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Field Measurements of Photosynthesis, Stomatal Conductance, Leaf Nitrogen and δ13C Along Altitudinal Gradients in Scotland

A. D. Friend, F. I. Woodward and V. R. Switsur
Functional Ecology
Vol. 3, No. 1 (1989), pp. 117-122
DOI: 10.2307/2389682
Stable URL: http://www.jstor.org/stable/2389682
Page Count: 6
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Since scans are not currently available to screen readers, please contact JSTOR User Support for access. We'll provide a PDF copy for your screen reader.
Field Measurements of Photosynthesis, Stomatal Conductance, Leaf Nitrogen and δ13C Along Altitudinal Gradients in Scotland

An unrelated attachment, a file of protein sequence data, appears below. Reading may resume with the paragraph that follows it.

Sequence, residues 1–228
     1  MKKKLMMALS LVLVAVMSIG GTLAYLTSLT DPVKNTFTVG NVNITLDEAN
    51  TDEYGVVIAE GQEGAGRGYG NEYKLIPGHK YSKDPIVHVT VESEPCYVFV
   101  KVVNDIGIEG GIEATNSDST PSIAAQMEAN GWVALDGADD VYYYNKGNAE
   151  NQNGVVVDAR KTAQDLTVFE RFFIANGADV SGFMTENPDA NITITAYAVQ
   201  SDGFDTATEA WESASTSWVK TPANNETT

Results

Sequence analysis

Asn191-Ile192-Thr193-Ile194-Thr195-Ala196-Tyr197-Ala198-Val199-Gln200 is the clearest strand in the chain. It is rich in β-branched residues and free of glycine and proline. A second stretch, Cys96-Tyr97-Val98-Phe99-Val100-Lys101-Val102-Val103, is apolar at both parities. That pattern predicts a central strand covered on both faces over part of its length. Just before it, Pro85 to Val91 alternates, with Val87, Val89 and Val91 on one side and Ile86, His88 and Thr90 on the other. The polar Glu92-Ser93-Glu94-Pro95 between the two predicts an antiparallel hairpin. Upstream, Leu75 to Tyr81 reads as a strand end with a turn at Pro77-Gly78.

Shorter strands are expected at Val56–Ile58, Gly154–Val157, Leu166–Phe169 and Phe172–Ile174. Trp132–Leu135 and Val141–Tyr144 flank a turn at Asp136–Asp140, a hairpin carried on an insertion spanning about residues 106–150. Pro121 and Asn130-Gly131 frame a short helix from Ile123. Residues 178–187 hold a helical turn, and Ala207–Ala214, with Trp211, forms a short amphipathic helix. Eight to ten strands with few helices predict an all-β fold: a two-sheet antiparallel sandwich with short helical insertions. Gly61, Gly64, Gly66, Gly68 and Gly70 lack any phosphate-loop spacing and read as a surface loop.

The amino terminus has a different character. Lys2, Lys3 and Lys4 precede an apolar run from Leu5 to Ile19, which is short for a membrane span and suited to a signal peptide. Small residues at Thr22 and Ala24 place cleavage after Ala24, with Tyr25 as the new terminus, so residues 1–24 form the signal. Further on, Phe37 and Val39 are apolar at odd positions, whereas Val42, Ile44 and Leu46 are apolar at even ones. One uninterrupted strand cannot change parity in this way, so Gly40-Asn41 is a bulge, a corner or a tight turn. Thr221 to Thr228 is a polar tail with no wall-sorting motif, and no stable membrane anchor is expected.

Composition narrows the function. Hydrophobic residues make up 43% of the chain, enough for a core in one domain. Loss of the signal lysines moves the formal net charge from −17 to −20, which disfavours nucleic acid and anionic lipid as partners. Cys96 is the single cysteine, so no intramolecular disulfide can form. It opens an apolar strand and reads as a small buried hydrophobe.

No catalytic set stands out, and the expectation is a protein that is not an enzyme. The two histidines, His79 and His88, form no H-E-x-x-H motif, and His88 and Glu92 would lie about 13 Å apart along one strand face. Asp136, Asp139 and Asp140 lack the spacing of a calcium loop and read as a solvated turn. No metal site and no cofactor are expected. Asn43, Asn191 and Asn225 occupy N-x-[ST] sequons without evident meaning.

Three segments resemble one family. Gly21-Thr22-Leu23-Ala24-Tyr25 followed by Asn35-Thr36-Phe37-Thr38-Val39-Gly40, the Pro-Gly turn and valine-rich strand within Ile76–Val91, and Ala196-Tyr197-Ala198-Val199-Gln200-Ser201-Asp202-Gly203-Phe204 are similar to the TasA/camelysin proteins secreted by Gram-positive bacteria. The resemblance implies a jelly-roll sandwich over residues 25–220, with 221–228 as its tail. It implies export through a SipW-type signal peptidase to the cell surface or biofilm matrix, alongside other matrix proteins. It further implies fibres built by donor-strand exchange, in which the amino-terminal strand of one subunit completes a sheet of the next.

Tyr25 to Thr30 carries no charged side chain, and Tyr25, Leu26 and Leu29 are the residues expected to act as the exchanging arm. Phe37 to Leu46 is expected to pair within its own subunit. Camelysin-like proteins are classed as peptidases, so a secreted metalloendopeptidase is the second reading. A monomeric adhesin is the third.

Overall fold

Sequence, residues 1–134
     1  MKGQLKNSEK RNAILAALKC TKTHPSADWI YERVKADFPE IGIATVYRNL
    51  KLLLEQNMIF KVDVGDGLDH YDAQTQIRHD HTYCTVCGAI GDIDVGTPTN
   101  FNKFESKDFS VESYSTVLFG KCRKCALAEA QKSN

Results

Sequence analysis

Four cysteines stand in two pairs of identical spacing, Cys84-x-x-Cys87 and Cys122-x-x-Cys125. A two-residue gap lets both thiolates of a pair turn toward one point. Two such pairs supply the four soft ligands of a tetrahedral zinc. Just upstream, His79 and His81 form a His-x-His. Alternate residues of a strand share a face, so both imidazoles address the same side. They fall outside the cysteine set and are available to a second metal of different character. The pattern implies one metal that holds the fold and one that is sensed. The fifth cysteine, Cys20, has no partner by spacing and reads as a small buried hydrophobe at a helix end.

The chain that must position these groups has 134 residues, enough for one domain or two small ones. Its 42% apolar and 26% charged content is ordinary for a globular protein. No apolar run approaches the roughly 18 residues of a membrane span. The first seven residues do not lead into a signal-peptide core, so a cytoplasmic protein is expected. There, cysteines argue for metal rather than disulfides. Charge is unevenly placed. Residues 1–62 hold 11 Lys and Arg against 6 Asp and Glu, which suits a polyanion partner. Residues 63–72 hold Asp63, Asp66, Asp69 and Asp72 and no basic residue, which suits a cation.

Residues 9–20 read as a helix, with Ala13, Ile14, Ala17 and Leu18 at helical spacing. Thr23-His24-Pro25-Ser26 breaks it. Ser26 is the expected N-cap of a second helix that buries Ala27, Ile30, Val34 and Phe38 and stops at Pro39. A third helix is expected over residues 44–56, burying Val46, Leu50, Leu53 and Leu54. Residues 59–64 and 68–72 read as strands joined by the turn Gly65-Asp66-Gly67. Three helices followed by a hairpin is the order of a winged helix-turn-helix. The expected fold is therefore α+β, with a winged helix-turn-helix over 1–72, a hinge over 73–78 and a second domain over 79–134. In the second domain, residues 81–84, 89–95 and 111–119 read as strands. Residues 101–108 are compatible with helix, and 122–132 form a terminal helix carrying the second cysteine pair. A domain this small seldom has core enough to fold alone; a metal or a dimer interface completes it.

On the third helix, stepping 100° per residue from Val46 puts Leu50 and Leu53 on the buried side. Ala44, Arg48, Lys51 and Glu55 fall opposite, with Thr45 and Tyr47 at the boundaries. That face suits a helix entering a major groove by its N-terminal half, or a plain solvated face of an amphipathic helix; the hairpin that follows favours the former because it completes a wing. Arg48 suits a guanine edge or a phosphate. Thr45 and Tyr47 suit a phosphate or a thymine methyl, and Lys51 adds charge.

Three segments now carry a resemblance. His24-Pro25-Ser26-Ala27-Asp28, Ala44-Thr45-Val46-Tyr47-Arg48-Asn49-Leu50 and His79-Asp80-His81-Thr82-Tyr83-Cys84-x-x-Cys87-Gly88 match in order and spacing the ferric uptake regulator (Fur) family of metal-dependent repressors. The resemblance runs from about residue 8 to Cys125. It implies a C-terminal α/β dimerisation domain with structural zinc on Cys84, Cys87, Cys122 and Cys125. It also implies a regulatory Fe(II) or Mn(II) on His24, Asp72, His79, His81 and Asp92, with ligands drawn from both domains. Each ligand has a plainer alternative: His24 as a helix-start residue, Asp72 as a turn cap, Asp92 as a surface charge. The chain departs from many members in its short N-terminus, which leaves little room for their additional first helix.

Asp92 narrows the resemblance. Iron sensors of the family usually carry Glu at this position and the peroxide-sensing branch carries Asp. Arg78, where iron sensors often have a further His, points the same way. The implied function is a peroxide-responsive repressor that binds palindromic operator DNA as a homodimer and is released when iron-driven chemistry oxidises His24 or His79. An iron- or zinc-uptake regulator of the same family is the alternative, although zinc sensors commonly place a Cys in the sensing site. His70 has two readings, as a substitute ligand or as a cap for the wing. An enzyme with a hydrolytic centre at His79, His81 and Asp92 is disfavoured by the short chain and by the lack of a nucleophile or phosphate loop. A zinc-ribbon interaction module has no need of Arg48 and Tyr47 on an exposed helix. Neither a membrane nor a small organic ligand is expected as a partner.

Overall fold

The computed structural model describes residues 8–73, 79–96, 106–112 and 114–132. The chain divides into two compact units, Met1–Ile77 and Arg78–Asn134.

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Abstract

Field measurements were made of altitudinal variation in photosynthesis and stomatal conductance in Vaccinium myrtillus L. and Nardus stricta L., between 200 and 1100m in central Scotland during July 1986 and June 1987. Under saturating irradiance and similar vapour pressure deficits (0.9-1.2 kPa) both species showed either constant or increasing rates of photosynthesis and increasing stomatal conductance and leaf nitrogen per unit leaf area with altitude. Leaf δ13C values for both Nardus and Vaccinium increased (though not significantly) with altitude in 1986 but decreased in 1987. It is suggested that the change in slope between years is related to marked differences in annual climate. The short-term measurements of gas exchange were better predictors of δ13C in 1986 than in 1987.

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